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Tasty name, but no Big Mac renamed McDonald’s restaurants open in Russia

June 12 (Reuters) – It may look and smell like McDonald’s, but now it’s Vkusno & tochka. The golden bows are gone, the filet-of-fish is simply a fish burger. Big Mac has left Russia.

A new era for Russia’s fast food and economic scene began on Sunday when McDonald̵[ads1]7;s (MCD.N) restaurants opened their doors in Moscow under new Russian ownership and with the new name, which can be translated as “Tasty and that’s it”.

The rebranding of the outlets, three decades after the American burger giant first opened in Moscow in a symbolic thaw between East and West, is once again a strong sign of a new world order.

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The fortunes of the renewed chain, which McDonald’s sold when it left the country due to the conflict in Ukraine, can provide a test of how successful Russia’s economy can become more self-sufficient and withstand Western sanctions.

On Sunday, many people stood in line outside what was once McDonald’s flagship restaurant in central Moscow. The outlet had a new logo – a stylized burger with two french fries – plus a slogan that reads: “The name changes, the love remains”.

The queue was significantly smaller than the thousands of people who crowded to the original McDonald’s opening there in 1990 during the Soviet era.

Vkusno & tochkas menu was smaller and did not offer Big Mac and some other burgers. A double cheeseburger cost 129 rubles ($ 2.31) compared to about 160 under McDonald’s and a fish burger for 169 rubles, compared to about 190 previously.

The composition of burgers has not changed and the equipment from McDonald’s has remained, said Alexander Merkulov, quality manager in the new company.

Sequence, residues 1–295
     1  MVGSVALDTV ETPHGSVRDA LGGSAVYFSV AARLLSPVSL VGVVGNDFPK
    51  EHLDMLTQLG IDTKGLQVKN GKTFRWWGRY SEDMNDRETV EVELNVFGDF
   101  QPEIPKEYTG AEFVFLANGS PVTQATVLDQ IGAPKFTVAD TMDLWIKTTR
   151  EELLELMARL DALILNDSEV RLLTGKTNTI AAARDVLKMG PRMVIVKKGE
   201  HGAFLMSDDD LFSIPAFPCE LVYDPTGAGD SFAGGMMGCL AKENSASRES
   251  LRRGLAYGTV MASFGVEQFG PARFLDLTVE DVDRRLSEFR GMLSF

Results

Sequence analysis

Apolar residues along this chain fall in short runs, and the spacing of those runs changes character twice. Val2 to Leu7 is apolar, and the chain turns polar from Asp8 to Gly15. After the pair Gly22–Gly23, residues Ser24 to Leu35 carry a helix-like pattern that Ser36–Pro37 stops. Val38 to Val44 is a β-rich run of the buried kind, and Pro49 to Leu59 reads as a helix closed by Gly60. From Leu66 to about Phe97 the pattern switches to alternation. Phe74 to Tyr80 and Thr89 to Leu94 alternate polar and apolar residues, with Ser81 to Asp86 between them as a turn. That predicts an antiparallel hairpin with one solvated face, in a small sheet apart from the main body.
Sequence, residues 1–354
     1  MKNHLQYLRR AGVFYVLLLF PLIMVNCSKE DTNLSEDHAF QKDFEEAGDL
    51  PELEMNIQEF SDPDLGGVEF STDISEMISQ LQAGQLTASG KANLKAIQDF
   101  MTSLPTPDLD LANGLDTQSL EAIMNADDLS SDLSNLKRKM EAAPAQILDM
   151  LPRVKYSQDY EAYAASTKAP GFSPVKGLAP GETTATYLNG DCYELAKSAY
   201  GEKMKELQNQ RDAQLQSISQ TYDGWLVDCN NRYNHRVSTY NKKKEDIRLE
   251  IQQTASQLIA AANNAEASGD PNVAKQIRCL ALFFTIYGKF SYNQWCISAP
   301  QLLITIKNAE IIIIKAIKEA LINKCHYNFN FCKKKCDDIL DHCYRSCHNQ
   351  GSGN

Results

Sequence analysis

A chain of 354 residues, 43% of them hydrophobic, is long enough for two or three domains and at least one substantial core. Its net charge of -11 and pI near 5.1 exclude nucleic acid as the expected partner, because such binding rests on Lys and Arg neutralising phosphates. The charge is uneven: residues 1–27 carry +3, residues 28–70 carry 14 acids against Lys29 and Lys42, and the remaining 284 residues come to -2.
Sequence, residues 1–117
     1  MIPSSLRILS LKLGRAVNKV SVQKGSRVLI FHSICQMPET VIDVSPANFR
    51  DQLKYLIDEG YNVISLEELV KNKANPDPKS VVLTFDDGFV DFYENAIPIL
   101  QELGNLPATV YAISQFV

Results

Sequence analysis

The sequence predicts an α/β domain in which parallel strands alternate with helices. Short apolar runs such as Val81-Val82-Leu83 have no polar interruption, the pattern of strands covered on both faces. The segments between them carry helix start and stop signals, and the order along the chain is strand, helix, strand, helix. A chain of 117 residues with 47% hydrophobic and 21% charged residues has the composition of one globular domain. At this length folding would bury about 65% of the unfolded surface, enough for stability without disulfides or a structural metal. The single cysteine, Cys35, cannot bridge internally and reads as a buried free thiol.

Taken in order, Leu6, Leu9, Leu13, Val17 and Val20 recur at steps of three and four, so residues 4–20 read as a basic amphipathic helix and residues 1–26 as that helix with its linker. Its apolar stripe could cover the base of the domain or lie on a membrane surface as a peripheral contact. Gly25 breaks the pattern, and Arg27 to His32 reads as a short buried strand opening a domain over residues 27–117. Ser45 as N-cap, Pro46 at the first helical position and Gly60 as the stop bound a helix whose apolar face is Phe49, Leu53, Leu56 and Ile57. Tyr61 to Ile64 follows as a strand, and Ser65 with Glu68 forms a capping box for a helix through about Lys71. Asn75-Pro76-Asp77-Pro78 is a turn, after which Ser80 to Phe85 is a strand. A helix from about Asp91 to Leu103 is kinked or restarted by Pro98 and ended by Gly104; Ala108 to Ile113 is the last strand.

Sergei, a 15 year old customer, saw little difference.

“The taste has remained the same,” he said while hiding in a chicken burger and french fries. “The cola is different, but there’s really no change in the burger.”


The flagship Moscow restaurant is among 15 rebranded outlets that initially open in and around the capital on Sunday. Oleg Paroev, CEO of Vkusno & tochka, said the company plans to reopen 200 restaurants in Russia by the end of June and all 850 by the end of the summer.

The chain will keep its old McDonald’s interior, but will delete all references to its former name, said Paroev, who was appointed Russia’s McDonald’s chief weeks before Moscow sent tens of thousands of troops into Ukraine on February 24.

“Our goal is that our guests do not notice a difference in either quality or atmosphere,” Paroev said at a media conference in the restaurant. He said the chain would keep “reasonable prices”, but did not rule out small gains in the short term.

McDonald’s closed restaurants in Russia on March 14 and said in mid-May that it had decided to leave the market.

“For three months we did not work,” said Ruzanna, head of a Moscow branch opening in July. – Everyone is very happy.

Alexander Govor, the new owner of the chain, said that up to 7 billion rubles ($ 125.56 million) would be invested this year in the business, which employs 51,000 people.

“The company asked me first and foremost to keep the number of employees, to give people work. That’s what I’m going to do,” he added.

Govor said that the company was looking for new suppliers of soft drinks such as Coca Cola (KO.N), which has said that they will stop operations in Russia.

Moments after the press conference was over, a man stood in front of the cameras and held a sign that read “Bring back the Big Mac.” He was quickly escorted out by the restaurant staff.

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Reporting from Reuters; Editing Pravin Char

Our standards: Thomson Reuters Trust Principles.

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